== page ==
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19 E-Commerce Statistics You Can Use to Inform Your Marketing Strategy [2020]

  • Conversion Rate Optimization

Most marketers want to stay ahead of the curve when it comes to knowing what consumers want. And it makes sense. The more you know about your consumers, the better you can market your products and services and boost online revenue.

But to get inside the mind of everyday consumers, you need to understand what they expect and look for when shopping online, and more importantly, adapt your store to not only meet those needs but exceed them indefinitely. 

In this post, I’ll give you 19 e-commerce statistics to help you better understand today’s consumers and their shopping habits, along with concrete takeaways and examples to help you develop an effective marketing strategy.

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Table of Contents

Part 1: Demographics

1. There Were 1.8 Billion Global Digital Buyers in 2018 (Statista)

As of writing, there are 7.7 billion people in the World. 

That means 21.55 percent of the World’s population buy online, and in 2021, the number is expected to rise to over 2.14 billion.

That’s a huge pool of potential buyers.

So, if you’re not already selling online, these numbers should convince you to do so.

But with more people shopping online, more online businesses are emerging, creating a fierce and competitive marketplace.

This makes it harder for online businesses to stand out from competitors, and the need for new creative ways to promote your product rises.


You can’t market to everyone, so it’s important to understand your target buyer to know what makes them tick. Personalize your marketing efforts to the individual and you’ll have a much better chance of surviving in the face of competition.

2. Men Spend 68 Percent More Online Than Women (KPMG)

I was shocked when I first read that statistic, but when you think about it, it makes sense.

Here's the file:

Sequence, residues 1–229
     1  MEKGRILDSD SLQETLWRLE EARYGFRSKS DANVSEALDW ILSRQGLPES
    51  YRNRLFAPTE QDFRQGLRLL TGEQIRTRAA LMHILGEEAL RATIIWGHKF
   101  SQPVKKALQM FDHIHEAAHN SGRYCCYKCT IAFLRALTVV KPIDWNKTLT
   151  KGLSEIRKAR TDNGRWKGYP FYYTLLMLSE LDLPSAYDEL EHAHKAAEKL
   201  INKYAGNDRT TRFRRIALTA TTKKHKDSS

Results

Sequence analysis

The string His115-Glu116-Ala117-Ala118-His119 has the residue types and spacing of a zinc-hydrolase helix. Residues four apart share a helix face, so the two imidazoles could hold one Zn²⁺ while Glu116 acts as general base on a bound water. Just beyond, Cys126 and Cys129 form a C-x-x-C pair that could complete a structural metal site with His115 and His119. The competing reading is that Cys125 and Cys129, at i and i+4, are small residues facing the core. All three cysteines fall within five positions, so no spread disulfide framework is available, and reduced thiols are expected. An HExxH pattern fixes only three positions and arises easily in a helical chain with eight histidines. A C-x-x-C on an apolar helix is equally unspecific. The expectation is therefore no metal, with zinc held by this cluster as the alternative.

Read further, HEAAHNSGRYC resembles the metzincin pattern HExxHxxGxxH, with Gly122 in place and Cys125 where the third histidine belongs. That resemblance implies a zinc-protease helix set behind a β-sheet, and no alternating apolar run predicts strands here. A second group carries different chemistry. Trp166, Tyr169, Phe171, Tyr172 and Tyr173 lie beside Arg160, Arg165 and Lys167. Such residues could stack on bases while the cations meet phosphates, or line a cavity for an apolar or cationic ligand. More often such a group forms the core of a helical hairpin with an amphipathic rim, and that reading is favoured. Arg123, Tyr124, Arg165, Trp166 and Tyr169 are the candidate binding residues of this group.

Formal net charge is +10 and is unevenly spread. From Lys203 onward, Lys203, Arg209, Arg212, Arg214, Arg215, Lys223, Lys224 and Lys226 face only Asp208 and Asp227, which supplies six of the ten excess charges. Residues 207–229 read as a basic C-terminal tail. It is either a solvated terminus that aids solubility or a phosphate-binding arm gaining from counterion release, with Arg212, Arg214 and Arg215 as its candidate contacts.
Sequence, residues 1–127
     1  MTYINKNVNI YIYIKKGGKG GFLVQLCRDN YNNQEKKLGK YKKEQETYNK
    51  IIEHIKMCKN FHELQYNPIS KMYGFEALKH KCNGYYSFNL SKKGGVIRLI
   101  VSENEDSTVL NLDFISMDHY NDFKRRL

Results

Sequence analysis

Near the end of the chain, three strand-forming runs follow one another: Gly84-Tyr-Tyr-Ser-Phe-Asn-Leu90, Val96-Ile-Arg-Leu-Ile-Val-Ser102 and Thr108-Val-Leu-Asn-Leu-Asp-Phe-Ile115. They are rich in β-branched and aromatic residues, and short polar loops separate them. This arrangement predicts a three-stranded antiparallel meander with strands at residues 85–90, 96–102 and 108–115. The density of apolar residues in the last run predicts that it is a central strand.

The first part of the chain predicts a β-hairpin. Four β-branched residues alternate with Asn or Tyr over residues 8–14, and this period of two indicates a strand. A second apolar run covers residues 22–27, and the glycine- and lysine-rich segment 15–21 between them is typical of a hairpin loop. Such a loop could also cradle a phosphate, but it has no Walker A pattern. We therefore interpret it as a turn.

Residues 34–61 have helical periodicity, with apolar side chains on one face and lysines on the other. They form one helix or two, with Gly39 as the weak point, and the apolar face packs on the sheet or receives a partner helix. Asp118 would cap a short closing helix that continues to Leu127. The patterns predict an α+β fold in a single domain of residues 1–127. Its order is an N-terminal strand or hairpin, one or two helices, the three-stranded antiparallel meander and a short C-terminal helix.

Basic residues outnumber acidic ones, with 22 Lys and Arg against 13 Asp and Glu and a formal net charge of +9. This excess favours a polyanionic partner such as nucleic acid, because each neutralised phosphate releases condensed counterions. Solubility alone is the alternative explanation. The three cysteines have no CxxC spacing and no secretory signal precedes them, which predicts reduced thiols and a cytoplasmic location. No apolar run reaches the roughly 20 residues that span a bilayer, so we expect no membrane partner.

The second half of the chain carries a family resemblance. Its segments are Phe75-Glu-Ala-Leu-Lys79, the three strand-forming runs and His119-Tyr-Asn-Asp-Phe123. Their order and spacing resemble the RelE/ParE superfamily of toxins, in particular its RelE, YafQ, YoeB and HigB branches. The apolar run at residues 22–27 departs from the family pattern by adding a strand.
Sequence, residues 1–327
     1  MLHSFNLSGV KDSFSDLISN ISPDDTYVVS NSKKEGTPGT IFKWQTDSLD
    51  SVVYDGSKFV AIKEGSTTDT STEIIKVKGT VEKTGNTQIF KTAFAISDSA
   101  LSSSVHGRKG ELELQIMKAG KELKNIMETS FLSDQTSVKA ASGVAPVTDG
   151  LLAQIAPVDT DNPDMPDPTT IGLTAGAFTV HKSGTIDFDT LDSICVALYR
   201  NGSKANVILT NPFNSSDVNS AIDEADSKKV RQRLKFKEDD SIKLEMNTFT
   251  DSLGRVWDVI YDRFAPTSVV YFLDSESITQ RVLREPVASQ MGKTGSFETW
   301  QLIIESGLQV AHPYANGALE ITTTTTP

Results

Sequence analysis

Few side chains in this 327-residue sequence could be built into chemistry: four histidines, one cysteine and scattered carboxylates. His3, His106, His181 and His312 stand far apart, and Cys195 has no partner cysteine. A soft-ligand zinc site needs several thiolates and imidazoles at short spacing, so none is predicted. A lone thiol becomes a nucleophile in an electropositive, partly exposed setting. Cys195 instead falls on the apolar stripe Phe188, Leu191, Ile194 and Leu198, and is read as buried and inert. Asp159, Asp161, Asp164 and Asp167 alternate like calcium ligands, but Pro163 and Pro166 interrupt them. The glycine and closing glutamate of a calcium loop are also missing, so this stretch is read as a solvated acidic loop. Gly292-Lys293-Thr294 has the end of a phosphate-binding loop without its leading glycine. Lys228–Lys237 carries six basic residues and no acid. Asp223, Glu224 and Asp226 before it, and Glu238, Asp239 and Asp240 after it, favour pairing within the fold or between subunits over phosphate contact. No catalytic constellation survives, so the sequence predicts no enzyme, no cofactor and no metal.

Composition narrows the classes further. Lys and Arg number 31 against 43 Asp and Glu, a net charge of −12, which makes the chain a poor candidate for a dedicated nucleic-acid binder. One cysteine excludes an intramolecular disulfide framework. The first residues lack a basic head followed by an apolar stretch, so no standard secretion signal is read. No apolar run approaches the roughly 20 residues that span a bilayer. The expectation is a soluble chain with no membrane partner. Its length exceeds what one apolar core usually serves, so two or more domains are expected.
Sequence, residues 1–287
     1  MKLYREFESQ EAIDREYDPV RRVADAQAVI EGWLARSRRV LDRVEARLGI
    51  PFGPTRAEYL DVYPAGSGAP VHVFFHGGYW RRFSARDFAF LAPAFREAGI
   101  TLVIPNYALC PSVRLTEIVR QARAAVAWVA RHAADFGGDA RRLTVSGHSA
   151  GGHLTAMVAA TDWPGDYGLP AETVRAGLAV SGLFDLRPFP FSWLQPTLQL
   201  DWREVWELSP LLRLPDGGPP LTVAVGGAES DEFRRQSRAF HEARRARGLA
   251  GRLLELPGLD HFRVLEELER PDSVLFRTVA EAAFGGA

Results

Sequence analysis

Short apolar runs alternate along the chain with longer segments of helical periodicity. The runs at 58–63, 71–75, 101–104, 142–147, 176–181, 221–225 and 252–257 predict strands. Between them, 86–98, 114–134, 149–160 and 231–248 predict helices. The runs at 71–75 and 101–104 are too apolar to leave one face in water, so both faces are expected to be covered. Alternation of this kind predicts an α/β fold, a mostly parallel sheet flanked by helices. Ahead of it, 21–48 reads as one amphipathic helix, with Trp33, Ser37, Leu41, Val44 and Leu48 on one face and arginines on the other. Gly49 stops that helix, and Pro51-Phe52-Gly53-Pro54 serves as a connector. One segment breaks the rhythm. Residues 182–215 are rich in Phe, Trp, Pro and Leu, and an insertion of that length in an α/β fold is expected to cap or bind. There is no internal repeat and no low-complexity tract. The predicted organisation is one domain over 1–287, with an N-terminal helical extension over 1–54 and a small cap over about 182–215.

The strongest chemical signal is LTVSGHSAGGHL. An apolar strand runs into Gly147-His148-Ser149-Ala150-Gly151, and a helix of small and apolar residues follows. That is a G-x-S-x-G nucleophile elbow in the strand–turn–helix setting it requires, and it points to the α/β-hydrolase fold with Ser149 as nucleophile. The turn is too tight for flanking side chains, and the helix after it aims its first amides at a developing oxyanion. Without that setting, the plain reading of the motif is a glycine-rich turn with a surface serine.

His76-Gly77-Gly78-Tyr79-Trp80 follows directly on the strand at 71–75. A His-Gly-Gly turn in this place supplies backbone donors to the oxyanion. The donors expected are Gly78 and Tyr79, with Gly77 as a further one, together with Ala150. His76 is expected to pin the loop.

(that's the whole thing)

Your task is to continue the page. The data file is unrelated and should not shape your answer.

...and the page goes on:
On average, men spend $220 per transaction compared to $151 per transaction for women. So it’s not that men shop more than women—it’s that they spend more per transaction. 

Male consumers are more likely to buy higher-priced items such as grooming products and electronics. Women, by contrast, tend to buy lower-priced items such as cosmetics and skincare products. Moreover, when men shop online, they tend to be efficient, meaning they bulk buy to save time.

So, when selling to a male audience, you can boost conversions by offering related products and package deals. 

Here’s an example from Harry’s:

When prospects go through Harry’s checkout, they can add products that compliment their order such as a razor stand or post-shave balm.

Offering related products during checkout makes it easy for customers—both men and women—to quickly add items without having to abandon their cart to search for more products.


Only show items that are relevant to what’s already in the cart. If the related items go well with the item(s) in the cart, prospects are more likely to buy them too.

3. Generation X Shop More Online Than Baby Boomers and Millennials (KPMG)

People born between 1966-1981, or “Generation Xers,” make more online purchases than any other age group, averaging nearly 19 transactions per year.

This might come as a surprise to many considering Millennials are the digital natives of our society.

However, as Millennials grow older and enter the workforce and start families, their spending increases. It’s expected that Millennials’ online shopping will increase exponentially in the future and far surpass online spending by older generations. 

So, if you want to market your products to Millennials, you need to create a value proposition they can identify with. Millennials view the products they buy as an extension of their image, and if a product doesn’t have a positive effect on their desired self-image, they won’t buy it. 


You need to sell Millennials on a story. Ask yourself, “What is the scenario in which your product will help them overcome a problem or make them feel better?”

Part 2: Payment and Spending

4. In 2019, E-Commerce Sales Accounted for 14.1 Percent of All Retail Sales Worldwide (Statista)